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Post by LadyRori »

I noticed this text has numerous editions. This may be a stupid question but which edition should I go with? What are the difference between the various editions? Also, would I be looking to purchase just one book or does this course come with a variety of books?

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Re: Editions

Post by swtwentyman »

I used the seventh edition which isn't supposed to be much different from the sixth, just with a new section in each chapter with graffiti from Pompeii. I found it interesting, at least, but it's not essential. If it saves money to go with the sixth edition you're probably not missing much but the book is so cheap that it really doesn't matter.

There are CDs of the vocabulary lists and exercises but I never got them. There's also a workbook, but there are so many exercises -- a good many in the chapters themselves, plus very generous supplemental exercises in the back of the book along with the answers -- that I'm not sure the utility of it. There's also Thirty-Eight Latin Stories Designed To Accompany Wheelock's Latin which I never bought (though the more you read the better) and Scribblers, Scultprs & Scribes about which I know nothing other than that it gets lousy reviews. Wheelock's Latin Reader is meant to be read after the introductory textbook (which itself includes a number of adapted and unadapted readings in the back).

Note that the book doesn't come with an answer key. There's one posted online from an East Asian student (who consistently renders the word "patria" as "the patriot") that has a few mistakes and at times betrays a lack of reading comprehension on the part of the student that nonetheless is serviceable enough. I've heard that the publisher's answer key is hard to come by. I'm willing to help some, as would undoubtedly others here. I'm not an expert but helping with the exercises in Wheelock's shouldn't be a problem.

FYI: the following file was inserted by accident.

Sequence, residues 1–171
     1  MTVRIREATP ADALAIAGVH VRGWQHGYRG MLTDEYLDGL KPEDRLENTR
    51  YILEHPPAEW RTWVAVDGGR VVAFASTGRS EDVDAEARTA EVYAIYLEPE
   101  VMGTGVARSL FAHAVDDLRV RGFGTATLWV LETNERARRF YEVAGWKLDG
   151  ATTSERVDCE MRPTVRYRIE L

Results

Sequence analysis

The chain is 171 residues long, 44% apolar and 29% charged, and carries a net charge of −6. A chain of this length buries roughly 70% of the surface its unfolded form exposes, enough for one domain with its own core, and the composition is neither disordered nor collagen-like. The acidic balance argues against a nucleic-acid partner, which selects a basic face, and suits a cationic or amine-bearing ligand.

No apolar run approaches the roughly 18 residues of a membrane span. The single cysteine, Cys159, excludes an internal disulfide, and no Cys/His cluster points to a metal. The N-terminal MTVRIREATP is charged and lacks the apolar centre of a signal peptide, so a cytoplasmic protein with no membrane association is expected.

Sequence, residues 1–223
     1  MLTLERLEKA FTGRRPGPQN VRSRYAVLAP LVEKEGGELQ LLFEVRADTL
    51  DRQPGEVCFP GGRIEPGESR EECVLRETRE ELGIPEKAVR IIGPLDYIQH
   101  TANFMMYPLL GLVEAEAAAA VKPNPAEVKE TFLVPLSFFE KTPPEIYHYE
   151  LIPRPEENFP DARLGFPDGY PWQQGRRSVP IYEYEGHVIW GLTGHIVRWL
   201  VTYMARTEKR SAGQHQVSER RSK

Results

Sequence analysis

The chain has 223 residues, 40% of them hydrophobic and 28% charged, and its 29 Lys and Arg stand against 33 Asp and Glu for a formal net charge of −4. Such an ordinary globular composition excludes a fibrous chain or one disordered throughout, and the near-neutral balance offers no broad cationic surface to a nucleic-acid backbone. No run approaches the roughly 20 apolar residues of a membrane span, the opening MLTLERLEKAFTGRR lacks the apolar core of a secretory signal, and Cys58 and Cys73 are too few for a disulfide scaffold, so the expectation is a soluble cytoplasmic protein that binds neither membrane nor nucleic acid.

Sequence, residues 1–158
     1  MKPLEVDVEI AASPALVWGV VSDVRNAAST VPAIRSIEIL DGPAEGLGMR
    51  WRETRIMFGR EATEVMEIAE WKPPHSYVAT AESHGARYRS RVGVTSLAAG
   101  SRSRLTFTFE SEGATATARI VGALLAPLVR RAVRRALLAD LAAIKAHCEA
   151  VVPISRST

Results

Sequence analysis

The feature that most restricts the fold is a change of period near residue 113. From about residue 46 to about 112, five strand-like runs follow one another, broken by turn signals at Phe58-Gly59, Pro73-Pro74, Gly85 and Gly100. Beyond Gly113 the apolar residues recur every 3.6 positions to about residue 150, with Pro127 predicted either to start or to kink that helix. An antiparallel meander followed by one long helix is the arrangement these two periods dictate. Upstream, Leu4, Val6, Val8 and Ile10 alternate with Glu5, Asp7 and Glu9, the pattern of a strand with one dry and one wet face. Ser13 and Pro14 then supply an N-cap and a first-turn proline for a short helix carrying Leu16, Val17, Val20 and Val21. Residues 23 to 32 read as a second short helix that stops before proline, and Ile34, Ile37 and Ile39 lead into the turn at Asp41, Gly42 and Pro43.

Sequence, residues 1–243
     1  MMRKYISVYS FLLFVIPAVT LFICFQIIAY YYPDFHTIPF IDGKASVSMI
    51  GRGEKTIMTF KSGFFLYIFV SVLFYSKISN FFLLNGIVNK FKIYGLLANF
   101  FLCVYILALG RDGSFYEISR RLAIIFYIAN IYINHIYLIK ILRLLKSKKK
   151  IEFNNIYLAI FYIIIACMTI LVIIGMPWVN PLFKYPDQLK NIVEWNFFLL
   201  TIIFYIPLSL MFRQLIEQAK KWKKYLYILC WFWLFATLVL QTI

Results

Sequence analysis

About an Attic Greek textbook: I used Mastronarde to learn the basics but it's hard to recommend to an absolute beginner because of the merciless pacing, dearth of exercises, overreliance on English-to-Greek translations, and lack of examples. On the other hand it's very thorough and clear, though if I didn't have any Latin experience I'd have been sunk. All in all it's a decent book but it reinforces the material so poorly (often only one or two of the exercises use the grammar covered in the chapter) that I've found myself having to go back over the Mastronarde chapters while reading the Anabasis, and a good many vocabulary words -- including important adverbs that are hard to learn without seeing them in use -- aren't used in the book at all. I've heard good things about Athenaze but the materials cost a small fortune. Aside from that I know nothing about the texts. You'll probably get good recommendations on the Greek forum.

Edit: Here is that online answer key. It's based on the sixth edition but there's not much different from the 7th (and, again, it's not very graceful):

http://www.shochian.com/wheelock_Latin_ ... rs1-20.htm
http://www.shochian.com/wheelock_Latin_ ... s21-40.htm

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